Week 2: Bond as a modernist figure

Through the sexist code, Bond is interpreted through his relationship to heroine throughout the films. A “representative of norms of masculinity and femininity”(Bennett 24) is presented through the interactions between the two gendered characters. For instance, in ‘Dr. No,’ Bond leaves his card with Sylvia Trench in order to suggest that she take the active role in pursuit. Here, male masculinity becomes passive; women become magnetized to the nonchalant nature of the smooth agent.

In the imperialist code, Bond becomes infused with the idea of British neo-imperialism and nationhood. Premiering during the Cold War, these films infer “the imaginary possibility that England might once again be placed at the centre of world affairs during a period when its world-power status was visibly and rapidly declining”(Bennett 19).  This reinvented British hero is emblematic of the desire for Britain to regain its global position. Through the respectful language of the ‘colonies’ (‘yes sir’ ‘Captain’), the British Bond is refashioning   the nation in a postwar supremacist position.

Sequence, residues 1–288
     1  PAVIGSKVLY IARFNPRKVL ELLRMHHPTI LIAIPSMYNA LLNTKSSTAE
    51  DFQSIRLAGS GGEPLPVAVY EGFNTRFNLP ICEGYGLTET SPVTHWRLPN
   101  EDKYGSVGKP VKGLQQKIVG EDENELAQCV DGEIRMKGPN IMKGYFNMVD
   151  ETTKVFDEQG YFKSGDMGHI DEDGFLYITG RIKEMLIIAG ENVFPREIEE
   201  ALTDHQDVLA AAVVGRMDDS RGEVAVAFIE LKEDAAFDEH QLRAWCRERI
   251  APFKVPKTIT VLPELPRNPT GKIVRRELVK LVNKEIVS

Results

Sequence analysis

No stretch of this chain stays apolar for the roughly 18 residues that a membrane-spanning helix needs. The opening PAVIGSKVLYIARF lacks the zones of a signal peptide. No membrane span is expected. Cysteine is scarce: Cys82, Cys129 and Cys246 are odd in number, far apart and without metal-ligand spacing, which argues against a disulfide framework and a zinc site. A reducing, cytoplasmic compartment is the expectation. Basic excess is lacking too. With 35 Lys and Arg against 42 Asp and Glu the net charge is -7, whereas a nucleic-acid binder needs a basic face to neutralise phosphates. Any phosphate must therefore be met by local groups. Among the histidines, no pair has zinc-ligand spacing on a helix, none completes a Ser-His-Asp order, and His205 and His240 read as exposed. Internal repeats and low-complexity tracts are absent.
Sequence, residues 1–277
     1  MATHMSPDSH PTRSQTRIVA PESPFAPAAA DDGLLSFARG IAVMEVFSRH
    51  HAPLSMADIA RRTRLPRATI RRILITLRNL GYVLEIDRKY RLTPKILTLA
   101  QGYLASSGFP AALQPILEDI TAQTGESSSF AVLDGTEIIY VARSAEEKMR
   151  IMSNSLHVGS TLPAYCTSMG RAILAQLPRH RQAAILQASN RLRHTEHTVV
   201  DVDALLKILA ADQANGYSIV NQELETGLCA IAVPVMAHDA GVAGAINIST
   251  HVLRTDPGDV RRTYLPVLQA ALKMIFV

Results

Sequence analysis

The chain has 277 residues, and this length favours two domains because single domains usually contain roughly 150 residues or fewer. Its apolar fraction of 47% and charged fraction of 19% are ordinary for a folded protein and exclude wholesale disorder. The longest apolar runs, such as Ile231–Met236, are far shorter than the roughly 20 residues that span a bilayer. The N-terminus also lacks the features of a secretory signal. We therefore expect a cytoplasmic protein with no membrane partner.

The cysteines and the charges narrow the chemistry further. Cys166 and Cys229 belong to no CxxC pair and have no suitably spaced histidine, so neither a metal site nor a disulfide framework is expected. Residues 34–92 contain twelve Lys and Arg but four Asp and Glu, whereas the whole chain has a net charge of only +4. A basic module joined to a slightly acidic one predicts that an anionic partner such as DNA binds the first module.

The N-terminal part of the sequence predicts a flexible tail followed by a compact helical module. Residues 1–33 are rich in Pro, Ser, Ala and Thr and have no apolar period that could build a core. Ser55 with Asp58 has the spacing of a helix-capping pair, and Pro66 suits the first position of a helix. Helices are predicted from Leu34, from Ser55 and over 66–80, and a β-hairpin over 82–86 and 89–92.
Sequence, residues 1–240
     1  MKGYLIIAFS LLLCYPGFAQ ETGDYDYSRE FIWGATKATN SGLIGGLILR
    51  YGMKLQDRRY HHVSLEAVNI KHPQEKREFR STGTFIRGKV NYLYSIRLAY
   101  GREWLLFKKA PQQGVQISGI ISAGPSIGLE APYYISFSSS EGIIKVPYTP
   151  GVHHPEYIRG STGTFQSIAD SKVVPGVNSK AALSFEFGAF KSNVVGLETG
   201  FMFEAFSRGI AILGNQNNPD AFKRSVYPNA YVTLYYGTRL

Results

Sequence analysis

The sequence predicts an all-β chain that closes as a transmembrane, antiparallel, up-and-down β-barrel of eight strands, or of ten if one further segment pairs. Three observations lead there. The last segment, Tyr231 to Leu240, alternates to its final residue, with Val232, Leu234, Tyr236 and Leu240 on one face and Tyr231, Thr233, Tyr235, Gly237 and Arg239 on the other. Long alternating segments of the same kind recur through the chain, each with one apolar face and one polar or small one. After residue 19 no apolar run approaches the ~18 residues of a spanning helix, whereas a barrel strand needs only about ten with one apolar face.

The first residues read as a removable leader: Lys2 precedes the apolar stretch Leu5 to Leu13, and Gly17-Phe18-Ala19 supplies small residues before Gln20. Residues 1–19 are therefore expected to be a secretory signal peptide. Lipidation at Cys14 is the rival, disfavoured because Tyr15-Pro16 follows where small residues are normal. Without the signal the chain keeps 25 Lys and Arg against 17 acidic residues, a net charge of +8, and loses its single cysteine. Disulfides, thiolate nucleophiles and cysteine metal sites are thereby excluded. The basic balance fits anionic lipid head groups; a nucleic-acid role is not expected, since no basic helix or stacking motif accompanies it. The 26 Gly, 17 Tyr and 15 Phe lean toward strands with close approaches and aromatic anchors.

Lastly, the phallic code interprets agent 007 through a set of pseudo-sexual relationships. Bond’s nemesis utilizes masochistic torture as a means of emasculation. Furthermore, homoerotic tension is displayed between evil genius Dr. No and James Bond; this conflict can only be achieved through violent means as No is defeated ultimately by a nuclear reactor.  Loosely defined queerness is punished as to reaffirm the supremacy of heterosexism. 

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